We returned to Zambia in March and were welcomed with many confused faces in our town at the sight of our baby, as they never saw my wife pregnant. We dove back into life and ministry until ultimately God closed the door and brought us back to the U.S. In the final weeks before making our return, Michael had his first seizure. In the middle of the night. In a small town in Africa without 24-hour medical care.

More wrestling with God. What was going on? Was there a bigger issue? How would we know? We were able to get adequate care early in the morning, and we returned to the U.S. without further incident. But we still had so many questions. Not to mention, we didn’t have jobs or even a home lined up upon our return to the U.S., aside from staying with some friends through the turn of the year.

We say that we trusted God, that we knew He would work out the details. He had already demonstrated His faithfulness time and again.

And eventually He did. It took longer than we had hoped, but we eventually ended up relocating to the Charlotte area so that I could work on the preparing and sending side of our company. Michael is doing great, and he now has a younger sister to boss around.

But what does all this have to do with my greatest fear? That’s just a long story about some stuff that happened several years ago.

Well, as I started to write, I thought my biggest fear was losing my family. The idea of losing even one of them – my wife, my son, or my daughter – can be tough to swallow. The possibility of losing all of them, which is a reality I know many have faced, is crippling. I would rather I die and they live without me than I live without them. This thought terrifies me. How would I ever continue to live if they were to die?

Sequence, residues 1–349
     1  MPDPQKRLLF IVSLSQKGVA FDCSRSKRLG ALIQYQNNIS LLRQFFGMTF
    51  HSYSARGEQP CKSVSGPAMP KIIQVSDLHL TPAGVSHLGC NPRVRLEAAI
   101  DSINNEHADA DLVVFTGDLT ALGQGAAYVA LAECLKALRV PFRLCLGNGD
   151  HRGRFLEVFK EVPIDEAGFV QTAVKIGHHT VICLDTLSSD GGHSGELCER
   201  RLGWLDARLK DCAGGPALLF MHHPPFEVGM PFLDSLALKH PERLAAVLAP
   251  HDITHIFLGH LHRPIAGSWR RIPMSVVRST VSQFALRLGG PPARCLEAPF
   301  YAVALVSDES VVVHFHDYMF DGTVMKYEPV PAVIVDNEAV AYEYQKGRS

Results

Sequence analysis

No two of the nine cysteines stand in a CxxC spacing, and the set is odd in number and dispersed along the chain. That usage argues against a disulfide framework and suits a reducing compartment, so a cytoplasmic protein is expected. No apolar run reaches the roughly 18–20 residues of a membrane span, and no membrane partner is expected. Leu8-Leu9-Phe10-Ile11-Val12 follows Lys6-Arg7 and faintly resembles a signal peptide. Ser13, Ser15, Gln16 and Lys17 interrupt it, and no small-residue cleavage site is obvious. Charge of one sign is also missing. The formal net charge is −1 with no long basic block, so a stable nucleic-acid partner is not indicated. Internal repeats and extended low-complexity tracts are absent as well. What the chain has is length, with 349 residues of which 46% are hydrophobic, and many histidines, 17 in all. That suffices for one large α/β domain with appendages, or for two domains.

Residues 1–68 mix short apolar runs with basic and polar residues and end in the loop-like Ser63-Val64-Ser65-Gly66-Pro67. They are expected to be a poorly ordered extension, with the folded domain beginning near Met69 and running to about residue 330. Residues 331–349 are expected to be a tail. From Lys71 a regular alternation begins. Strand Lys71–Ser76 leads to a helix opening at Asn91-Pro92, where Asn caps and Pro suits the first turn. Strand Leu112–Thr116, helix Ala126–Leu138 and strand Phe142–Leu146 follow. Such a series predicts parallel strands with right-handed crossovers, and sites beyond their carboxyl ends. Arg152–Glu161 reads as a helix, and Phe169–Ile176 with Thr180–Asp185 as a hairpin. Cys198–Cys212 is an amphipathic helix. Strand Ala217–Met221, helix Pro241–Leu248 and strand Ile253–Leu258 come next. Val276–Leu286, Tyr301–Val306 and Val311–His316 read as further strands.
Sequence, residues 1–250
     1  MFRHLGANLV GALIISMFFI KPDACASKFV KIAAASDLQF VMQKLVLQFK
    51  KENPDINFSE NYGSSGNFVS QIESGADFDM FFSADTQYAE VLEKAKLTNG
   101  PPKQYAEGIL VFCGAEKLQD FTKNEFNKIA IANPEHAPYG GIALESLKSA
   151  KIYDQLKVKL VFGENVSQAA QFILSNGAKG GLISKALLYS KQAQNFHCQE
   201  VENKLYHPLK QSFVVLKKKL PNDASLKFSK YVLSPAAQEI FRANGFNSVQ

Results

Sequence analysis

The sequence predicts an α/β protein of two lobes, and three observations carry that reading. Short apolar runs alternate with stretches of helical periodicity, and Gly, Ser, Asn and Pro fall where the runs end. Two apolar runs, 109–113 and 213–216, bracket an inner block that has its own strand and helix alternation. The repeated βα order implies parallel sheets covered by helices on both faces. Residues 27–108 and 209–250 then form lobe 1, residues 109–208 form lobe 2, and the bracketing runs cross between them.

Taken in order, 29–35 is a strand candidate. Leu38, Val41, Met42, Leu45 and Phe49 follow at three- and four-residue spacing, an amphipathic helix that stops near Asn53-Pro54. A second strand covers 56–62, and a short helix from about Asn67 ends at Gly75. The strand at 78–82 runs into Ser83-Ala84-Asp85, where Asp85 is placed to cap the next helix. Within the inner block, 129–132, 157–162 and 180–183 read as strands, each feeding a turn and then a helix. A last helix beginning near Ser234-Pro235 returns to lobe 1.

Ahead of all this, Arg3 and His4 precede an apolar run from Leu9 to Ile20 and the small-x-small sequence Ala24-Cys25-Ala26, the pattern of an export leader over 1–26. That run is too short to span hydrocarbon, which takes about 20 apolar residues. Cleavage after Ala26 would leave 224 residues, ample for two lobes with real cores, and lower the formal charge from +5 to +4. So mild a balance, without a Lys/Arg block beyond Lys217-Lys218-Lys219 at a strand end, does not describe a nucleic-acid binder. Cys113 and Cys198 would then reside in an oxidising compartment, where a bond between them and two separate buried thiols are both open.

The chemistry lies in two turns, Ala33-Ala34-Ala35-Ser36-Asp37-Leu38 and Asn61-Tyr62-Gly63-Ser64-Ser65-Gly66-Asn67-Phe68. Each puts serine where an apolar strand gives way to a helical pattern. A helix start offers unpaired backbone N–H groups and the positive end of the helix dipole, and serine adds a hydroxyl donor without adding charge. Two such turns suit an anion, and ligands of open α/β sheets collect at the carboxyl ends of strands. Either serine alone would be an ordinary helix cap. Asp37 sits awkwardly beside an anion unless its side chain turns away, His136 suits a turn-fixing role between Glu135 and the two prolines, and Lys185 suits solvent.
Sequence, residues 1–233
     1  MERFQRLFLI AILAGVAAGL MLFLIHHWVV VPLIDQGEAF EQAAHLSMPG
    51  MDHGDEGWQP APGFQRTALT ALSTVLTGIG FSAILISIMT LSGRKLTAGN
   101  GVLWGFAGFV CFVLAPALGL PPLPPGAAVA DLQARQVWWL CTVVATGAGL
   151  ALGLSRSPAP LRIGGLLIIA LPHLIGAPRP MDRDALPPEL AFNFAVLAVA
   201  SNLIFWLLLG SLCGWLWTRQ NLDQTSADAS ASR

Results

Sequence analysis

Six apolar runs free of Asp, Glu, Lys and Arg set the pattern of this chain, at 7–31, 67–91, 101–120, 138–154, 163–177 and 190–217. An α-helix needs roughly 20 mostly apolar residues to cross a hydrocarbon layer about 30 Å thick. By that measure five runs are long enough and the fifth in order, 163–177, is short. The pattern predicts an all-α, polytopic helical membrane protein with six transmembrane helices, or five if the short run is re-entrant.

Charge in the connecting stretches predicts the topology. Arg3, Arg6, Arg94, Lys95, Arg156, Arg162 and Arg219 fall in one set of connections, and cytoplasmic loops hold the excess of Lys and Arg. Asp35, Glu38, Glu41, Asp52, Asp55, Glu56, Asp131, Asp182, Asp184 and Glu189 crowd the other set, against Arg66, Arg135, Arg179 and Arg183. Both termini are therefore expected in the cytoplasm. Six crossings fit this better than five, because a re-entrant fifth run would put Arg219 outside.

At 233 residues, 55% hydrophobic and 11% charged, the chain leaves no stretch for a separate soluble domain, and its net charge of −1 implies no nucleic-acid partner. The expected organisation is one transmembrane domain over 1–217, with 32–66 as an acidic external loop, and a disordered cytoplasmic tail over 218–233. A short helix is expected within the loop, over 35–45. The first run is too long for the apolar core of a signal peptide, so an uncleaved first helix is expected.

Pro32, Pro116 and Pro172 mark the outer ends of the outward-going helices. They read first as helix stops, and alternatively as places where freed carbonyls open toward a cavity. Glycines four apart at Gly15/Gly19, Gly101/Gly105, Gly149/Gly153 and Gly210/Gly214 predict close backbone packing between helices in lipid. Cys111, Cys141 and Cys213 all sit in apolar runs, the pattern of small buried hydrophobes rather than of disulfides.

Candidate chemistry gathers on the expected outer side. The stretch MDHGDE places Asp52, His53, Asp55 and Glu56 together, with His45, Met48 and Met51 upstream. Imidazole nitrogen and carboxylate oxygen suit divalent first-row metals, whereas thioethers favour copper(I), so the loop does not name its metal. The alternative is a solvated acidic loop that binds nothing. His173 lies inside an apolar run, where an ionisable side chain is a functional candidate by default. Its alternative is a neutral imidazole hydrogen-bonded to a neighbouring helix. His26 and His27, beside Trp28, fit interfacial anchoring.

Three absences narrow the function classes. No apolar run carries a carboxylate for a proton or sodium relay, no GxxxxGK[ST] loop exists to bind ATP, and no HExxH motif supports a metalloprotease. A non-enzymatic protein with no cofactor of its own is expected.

The more I think about this, though, the more I realize that I have a deeper fear. It’s almost too hard to articulate, especially considering I am in full-time ministry. As I consider the possibility of losing my family in service to God, the call to sacrifice everything for Him, the inevitable question is…

Is He worth it?

There are days when it feels easy to answer with, “Absolutely, yes!” Sometimes, the answer is a somewhat less absolute affirmative. Sometimes, there is a hint of doubt.

And this doubt is where my fear is found.

What if we get to the end of all this, and I find out that He’s not worth it? That my faith was unfounded? That all of this serving and teaching and believing is for naught?

Or even worse, what if it’s all true, but I find out I had just been going through the motions and didn’t actually believe? That my faith was just for show? What if I am exposed as a fraud in the face of eternity? What if I come face-to-face with God and He tells me, “I never knew you”?

Now, don’t get me wrong, I am very familiar with the passages on assurance of salvation, the sufficiency of grace, and all the other applicable doctrines. I cling to them. I find hope in them. I teach them to others. And I believe that asking questions and dealing with doubt can actually build your faith.

But, what if I was wrong all along?

My greatest fear is getting to the end of this journey and finding out, I was. And at that
point, there’s nothing I can do about it.